City-parish looking to spend millions in COVID relief on drainage work
BATON ROUGE - Nearly a month after the capital region saw widespread flooding following heavy rains, the city-parish is planning to use some of its first tranche of COVID-19 relief money from the American Rescue Plan on drainage work.
"These are projects that can move right away," Chief Administrative Officer Darryl Gissel said. "We don't have to get huge approval from the Army Corps of Engineers or environmental clearance."
In total, East Baton Rouge Parish is slated to receive $167 million from the latest federal relief package. Some of that is expected to arrive next year, but $40 million of that batch has already arrived.
At Wednesday's Metro Council meeting, an emergency item was introduced to allocate nearly $20 million for various drainage work.
According to Mayor-President Sharon Weston Broome's office, $19.2 million will go towards 'storm drain cleanout, channel clearing and grubbing, roadside drainage cave-ins, roadside ditch cleaning, lined canal panel repairs, and project management.
First up on that list, cleaning out storm drains -more of them and faster. The parish hopes to begin working problem areas later this month, following a public hearing and vote at the June 23 Metro Council meeting.
"Any storm drain that's blocked 20 to 75% will be cleaned out in this process," Gissel said.
Fred Raiford, Director of Transportation and Drainage, expects these funds to expedite some of the planned work.
"It's not something that we believe that's going to be months and months and months," Raiford said. "Some of it we could probably get started in the next month."
As of now, Raiford says the city-parish does not have the manpower to handle the volume of drainage work that is needed. Some of these dollars, he notes, will be used to bring in contractors to speed up the process.
"I think we'll make a great hit on the drainage inside the residential subdivisions," Raiford said.
Also introduced at Wednesday's meeting, an item to discuss 'a process by which certain subdivisions may petition the EBR Planning and Zoning Commission to implement a moratorium on building activity.' Some subdivisions affected by flooding have called for development moratoriums, following in the footsteps of some neighboring parishes. Councilwoman Chauna Banks proposed the item and explained her intentions to WBRZ last week.
When asked if development was the issue residents should be focused on, Gissel pointed out a number of changes that have been made to the parish's code in recent years, highlighted in a statement from Broome's administration to WBRZ.
It’s important to remember that no drainage system in our region was designed to manage 13 inches of rain in just a few hours like we experienced last month. Since the 2016 flood, East Baton Rouge Parish has taken a hard look at its Unified Development Code, particularly as it relates to floodplain management. Some of the most significant changes have already been made, like in 2018 when new developments were required to design for 25-year storm events and fill restrictions were implemented for special hazard areas. East Baton Rouge Parish continues to amend its Unified Development code with more changes coming as soon as this month.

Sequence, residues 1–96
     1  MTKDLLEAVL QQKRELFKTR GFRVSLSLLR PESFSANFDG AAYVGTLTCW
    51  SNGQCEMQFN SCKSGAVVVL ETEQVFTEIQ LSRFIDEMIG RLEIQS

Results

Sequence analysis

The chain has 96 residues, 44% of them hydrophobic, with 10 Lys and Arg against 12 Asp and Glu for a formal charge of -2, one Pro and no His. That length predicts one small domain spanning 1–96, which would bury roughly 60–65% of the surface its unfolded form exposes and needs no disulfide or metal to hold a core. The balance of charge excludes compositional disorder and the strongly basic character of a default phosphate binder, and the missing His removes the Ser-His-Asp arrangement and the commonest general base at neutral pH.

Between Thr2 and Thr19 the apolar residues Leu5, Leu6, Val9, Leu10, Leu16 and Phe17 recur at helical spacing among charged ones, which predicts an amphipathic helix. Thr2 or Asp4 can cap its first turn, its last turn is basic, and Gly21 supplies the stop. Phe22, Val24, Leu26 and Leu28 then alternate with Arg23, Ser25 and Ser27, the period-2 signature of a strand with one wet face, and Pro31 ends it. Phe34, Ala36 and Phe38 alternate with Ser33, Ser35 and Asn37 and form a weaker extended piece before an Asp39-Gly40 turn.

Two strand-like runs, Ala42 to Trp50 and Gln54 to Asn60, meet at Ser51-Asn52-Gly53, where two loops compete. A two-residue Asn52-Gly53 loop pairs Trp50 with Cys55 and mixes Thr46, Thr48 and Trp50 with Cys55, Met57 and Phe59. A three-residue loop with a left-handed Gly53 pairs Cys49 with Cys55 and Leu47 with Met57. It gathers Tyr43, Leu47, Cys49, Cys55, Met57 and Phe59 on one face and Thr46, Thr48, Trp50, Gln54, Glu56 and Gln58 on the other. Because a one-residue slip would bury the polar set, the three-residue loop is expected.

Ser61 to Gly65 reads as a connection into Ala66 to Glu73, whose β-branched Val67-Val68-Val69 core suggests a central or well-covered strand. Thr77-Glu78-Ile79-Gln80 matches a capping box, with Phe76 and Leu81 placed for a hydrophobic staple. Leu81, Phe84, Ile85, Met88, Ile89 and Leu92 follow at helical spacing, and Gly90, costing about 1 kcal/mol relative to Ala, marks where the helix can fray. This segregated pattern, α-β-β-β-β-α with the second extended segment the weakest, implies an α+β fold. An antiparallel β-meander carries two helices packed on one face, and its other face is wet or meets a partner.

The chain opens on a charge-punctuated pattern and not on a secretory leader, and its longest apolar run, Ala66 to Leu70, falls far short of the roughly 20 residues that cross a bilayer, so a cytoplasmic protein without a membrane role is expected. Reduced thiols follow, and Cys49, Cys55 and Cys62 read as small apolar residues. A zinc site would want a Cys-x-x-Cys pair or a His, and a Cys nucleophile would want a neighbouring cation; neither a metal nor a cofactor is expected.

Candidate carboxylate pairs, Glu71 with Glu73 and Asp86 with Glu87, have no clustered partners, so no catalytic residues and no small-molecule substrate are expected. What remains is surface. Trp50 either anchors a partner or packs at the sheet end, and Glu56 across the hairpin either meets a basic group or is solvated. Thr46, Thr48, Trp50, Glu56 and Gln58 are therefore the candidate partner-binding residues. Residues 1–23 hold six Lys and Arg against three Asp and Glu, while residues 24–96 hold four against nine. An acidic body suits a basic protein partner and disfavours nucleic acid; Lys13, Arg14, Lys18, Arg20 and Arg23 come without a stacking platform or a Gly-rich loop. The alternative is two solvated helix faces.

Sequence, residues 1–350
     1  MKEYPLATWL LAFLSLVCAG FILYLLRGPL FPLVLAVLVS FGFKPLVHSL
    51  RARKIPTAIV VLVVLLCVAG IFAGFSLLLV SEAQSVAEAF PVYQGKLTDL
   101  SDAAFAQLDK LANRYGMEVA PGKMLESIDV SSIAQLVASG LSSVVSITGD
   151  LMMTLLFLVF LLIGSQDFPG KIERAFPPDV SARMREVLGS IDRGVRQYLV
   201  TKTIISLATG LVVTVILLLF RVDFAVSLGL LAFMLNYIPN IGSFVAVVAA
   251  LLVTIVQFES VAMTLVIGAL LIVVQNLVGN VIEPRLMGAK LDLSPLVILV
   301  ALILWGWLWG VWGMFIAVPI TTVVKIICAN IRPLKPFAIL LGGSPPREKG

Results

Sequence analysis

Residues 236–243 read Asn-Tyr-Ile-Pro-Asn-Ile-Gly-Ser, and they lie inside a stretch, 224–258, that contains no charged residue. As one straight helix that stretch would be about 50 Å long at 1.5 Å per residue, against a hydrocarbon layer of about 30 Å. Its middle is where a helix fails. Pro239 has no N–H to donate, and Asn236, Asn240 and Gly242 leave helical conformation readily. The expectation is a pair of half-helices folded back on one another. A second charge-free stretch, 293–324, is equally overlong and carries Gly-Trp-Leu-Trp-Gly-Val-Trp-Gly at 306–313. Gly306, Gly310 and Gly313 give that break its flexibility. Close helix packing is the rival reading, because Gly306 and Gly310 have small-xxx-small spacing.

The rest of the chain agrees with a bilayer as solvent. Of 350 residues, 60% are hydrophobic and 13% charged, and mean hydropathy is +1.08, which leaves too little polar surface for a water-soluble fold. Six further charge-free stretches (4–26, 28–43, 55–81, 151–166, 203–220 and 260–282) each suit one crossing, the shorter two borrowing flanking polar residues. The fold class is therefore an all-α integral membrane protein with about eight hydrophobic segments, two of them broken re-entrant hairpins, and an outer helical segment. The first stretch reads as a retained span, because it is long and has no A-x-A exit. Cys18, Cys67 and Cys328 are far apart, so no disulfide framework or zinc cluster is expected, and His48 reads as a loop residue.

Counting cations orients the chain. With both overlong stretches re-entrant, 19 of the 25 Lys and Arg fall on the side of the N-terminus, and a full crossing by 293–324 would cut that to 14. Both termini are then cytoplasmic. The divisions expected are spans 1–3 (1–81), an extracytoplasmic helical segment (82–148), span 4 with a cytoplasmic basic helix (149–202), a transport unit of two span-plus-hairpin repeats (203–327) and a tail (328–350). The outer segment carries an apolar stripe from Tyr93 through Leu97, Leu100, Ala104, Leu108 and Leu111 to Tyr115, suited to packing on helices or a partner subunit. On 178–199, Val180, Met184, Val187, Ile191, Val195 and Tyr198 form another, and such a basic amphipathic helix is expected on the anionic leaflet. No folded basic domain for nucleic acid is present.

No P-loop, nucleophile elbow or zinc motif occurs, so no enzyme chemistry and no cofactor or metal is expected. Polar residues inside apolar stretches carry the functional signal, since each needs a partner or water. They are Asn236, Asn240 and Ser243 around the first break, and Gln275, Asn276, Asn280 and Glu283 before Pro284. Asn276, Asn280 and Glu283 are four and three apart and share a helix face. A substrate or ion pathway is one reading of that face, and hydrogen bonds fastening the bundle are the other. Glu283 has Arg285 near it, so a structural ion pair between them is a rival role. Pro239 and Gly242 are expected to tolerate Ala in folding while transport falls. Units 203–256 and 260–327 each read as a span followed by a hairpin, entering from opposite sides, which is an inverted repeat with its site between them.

We believe forthcoming drainage projects will offer formidable solutions to flooding.
Below are the UDC revisions that have been adopted to address storm-water regulations in new development since August of 2016.
•Reduced development density in the Rural zoning district
•Required developments to design for a 25-year storm event (an increase from 10-year event)
•Reduced the amount of fill that can be placed in special hazard areas- Zero Net Fill
•Established tighter regulations for use of off-site fill mitigation credits
•Prohibited new point and non-point source discharges onto adjacent properties without drainage servitudes
•Required maintenance and regular inspection of drainage facilities on private property
•Required regular inspection of drainage facilities on private property by a licensed professional engineer to ensure that they are continuing to function as designed
•Required that drainage facilities on the perimeter of a site be constructed and functional before other facilities or improvements are made
•Established requirements for the preservation of open space in residential developments
•Created an incentive for providing stormwater controls providing more detention than required
Gissel, though, welcomes any feedback.
"You know, the studies can tell us one thing," Gissel said. "What the people see on the ground, we need to listen to that."
While Raiford and others in parish government expect improvements to drainage with millions of federal aid pouring in, he tempered expectations, saying plenty of work beyond this effort remains.
"If we get rain events like what we had on [May 17,] I can't tell you these improvements are going to make a real substantial difference," Raiford said.
In total, Broome moved Wednesday to allocate $22 million in American Rescue Fund dollars. Beyond drainage improvements, money is being proposed for the replacement of the Alphonse Forbes bridge, cybersecurity needs.
Gissel also said $18 million will be used to plug pandemic-related revenue loss.
Both the funding allocation request and moratorium discussion will be heard June 23.
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